Understanding urea supplementation

16 December 2021 | Agriculture



It is very important to feed the correct amount of urea to animals and to provide or mix urea-containing lick supplements according to instructions.

Moreover, it is advisable to consult an animal nutritionist or livestock expert, says Agribank’s technical advisor for livestock and rangeland management, Erastus Ngaruka.

“The use or role of urea is often not well understood, apart from it being labelled as a risk to livestock,” he says.

Urea is a non-protein nitrogen compound used in animal feed to improve rumen function.


The digestive system of a ruminant animal is comprised of four stomach compartments: the rumen, abomasum, omasum and the reticulum.

“Each of these compartments has specialised functions in the process of digestion. In brief, this process involves the breaking of ingested feed particles into smaller particles, absorption of nutrients and water, as well as the parting of excrete from the feed.”

The rumen is the principal compartment for the fermentation of ingested feed.

“This fermentation or breakdown of food is performed by the microorganisms (bacteria and fungi) living in the rumen, referred to as rumen microbes.”

Ngaruka explains that the efficiency of fermentation in the rumen depends on the effectiveness of these rumen microbes, which largely depends on the levels of nitrogen, sulphur, and energy in the diet. Furthermore, the effective use of urea depends on the population of rumen microbes and the energy content of the feed.

When the urea enters the rumen, the microbes break it down to release ammonia (a gas) which is then converted to a protein known as microbial protein.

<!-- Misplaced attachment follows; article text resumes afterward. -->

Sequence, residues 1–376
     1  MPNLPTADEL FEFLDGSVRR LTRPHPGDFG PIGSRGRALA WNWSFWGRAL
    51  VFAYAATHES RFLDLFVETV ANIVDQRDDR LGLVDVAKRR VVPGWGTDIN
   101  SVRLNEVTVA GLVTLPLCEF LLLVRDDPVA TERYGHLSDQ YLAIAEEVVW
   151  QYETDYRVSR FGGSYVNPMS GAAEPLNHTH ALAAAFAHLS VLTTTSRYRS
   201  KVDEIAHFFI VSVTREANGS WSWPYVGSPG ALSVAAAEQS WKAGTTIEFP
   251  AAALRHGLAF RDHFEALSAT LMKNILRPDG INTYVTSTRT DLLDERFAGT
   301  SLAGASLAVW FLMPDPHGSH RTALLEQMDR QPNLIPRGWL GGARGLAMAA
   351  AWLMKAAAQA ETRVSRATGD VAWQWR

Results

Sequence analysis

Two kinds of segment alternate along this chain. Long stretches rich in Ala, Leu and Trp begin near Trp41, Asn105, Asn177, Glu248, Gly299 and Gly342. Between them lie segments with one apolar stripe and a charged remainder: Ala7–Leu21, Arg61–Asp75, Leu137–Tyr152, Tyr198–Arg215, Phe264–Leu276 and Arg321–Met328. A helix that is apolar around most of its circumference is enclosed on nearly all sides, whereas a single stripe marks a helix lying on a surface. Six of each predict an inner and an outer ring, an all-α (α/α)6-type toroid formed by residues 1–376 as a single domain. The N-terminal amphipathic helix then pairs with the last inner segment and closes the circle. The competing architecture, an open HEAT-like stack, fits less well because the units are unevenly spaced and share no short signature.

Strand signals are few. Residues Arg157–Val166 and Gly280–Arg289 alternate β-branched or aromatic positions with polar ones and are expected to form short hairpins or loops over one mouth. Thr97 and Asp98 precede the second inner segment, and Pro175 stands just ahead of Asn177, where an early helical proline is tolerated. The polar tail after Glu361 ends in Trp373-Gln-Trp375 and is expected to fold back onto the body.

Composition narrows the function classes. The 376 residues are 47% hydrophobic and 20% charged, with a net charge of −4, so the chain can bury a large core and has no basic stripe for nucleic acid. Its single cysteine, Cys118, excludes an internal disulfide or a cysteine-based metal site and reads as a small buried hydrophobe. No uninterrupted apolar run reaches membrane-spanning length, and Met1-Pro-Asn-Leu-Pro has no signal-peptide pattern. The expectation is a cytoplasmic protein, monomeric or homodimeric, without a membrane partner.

The microbes use this protein as their food to grow and multiply, thus enhancing their performance in terms of digestion and improving rumen function.

“Therefore, urea is needed during the dry season to help animals digest the dry forage materials effectively. Much of the urea in licks and feed is utilised by the microbes rather than by the animal body itself.”


Ngaruka further says that urea becomes problematic when it releases ammonia in excess, and all cannot be converted into protein by the microbes.

This ammonia is transported to the liver for detoxing and excretion (removal) from the body via urine. However, when ammonia is excessive, it is toxic to the liver. This happens when there is insufficient fermentable energy in the feed to help the breakdown of urea or when the feed contains significantly high crude protein.

ON the other hand, urea is also a problem when not carefully handled.

“When urea is not thoroughly mixed and forms lumps, the animal is at risk of ingesting too much at once. A tablespoon of urea can be potent enough for the animal.”

Moreover, urea dissolves easily in water. If the animal drinks such water, it will be poisoned. It is therefore advisable to avoid giving urea supplements when it is raining, and not to expose the lick trough to moist conditions.

The onset of symptoms after the ingestion of urea can range from 30 minutes to three hours, depending on the amount ingested.

The symptoms of urea poisoning include muscle twitching, frothy salivation, incoordination, spasms, bloat, abdominal pain, rapid breathing, and weakness.

The most basic and available remedies for treating urea poisoning is water and vinegar. For cattle, a mixture of vinegar (750 ml) and a one litre of water can be dosed, while half a bottle of vinegar and half a litre of water is sufficient for sheep and goats.

“It is important to provide the right supplements at the right time to the right animal in the right amount. Furthermore, supervise the mixing and provision of lick supplements, and always observe the behaviour and condition of animals, especially at feeding. Lastly, provide urea supplements (protein and energy licks) during the dry season, and mineral supplements (phosphate licks) during the rainy season.”

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